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Immunity. 2013 May 23;38(5):1063-72. doi: 10.1016/j.immuni.2013.01.015. Epub 2013 May 16.

Cochlin produced by follicular dendritic cells promotes antibacterial innate immunity.

Author information

1
Department of Cell Biology, Harvard Medical School, Boston, MA 02115, USA. benedicte.py@normalesup.org

Abstract

Cochlin, an extracellular matrix protein, shares homologies with the Factor C, a serine protease found in horseshoe crabs, which is critical for antibacterial responses. Mutations in the COCH gene are responsible for human DFNA9 syndrome, a disorder characterized by neurodegeneration of the inner ear that leads to hearing loss and vestibular impairments. The physiological function of cochlin, however, is unknown. Here, we report that cochlin is specifically expressed by follicular dendritic cells and selectively localized in the fine extracellular network of conduits in the spleen and lymph nodes. During inflammation, cochlin was cleaved by aggrecanases and secreted into blood circulation. In models of lung infection with Pseudomonas aeruginosa and Staphylococcus aureus, Coch(-/-) mice show reduced survival linked to defects in local cytokine production, recruitment of immune effector cells, and bacterial clearance. By producing cochlin, FDCs thus contribute to the innate immune response in defense against bacteria.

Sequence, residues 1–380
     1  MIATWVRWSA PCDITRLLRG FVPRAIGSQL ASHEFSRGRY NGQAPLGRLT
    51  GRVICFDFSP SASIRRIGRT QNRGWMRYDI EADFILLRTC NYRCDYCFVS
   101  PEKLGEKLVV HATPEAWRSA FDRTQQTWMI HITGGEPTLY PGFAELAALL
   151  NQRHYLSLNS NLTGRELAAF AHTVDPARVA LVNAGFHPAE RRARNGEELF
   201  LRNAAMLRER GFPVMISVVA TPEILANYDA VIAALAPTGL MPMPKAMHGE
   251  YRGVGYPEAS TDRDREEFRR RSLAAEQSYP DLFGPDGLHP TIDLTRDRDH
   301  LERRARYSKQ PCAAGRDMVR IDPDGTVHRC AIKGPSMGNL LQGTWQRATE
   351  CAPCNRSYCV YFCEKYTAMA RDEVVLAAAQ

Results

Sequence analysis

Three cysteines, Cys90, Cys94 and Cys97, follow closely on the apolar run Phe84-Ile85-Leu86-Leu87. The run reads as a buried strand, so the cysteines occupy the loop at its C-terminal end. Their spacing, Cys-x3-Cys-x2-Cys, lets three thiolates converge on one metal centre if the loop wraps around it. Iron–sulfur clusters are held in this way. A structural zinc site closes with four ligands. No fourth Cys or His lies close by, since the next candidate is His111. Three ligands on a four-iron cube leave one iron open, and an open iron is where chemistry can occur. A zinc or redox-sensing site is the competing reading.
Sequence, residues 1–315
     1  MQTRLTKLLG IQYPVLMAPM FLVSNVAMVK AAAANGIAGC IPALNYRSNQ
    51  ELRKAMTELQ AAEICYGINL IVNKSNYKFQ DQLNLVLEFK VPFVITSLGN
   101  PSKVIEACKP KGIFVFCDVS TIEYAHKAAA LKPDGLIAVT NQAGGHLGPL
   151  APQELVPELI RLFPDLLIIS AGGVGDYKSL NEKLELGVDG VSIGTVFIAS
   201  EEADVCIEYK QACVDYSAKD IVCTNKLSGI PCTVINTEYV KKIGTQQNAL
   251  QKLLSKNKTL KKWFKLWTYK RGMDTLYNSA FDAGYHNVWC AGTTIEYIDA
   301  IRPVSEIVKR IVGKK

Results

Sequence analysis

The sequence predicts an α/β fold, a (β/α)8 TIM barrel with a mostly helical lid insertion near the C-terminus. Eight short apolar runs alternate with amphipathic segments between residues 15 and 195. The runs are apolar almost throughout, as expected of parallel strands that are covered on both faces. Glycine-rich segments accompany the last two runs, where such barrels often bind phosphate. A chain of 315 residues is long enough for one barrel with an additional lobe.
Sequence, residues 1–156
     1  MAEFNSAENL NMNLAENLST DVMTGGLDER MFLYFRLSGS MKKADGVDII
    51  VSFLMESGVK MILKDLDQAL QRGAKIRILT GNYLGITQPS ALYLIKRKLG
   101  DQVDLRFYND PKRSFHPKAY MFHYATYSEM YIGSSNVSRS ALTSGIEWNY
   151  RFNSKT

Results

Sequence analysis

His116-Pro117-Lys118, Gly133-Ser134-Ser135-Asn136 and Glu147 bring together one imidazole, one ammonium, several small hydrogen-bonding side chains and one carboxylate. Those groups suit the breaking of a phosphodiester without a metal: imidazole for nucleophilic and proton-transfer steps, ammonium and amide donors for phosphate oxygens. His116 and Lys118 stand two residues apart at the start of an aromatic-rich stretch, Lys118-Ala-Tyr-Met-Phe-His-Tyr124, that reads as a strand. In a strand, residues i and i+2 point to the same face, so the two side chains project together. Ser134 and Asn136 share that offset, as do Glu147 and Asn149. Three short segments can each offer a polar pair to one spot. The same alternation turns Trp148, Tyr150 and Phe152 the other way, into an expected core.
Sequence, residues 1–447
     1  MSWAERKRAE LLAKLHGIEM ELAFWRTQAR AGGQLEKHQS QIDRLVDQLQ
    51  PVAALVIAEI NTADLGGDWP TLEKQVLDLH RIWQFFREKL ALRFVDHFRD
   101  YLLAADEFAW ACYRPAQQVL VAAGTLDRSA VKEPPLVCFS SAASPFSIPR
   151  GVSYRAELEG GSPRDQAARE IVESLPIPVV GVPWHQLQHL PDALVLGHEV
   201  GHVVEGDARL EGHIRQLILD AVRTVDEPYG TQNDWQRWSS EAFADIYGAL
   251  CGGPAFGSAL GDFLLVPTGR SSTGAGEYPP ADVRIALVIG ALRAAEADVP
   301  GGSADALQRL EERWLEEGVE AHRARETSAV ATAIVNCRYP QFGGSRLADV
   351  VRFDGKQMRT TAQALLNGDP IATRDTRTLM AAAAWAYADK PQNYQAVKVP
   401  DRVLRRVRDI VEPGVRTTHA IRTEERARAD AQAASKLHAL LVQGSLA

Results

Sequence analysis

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PMID:
23684986
PMCID:
PMC3758559
DOI:
10.1016/j.immuni.2013.01.015
[Indexed for MEDLINE]
Free PMC Article

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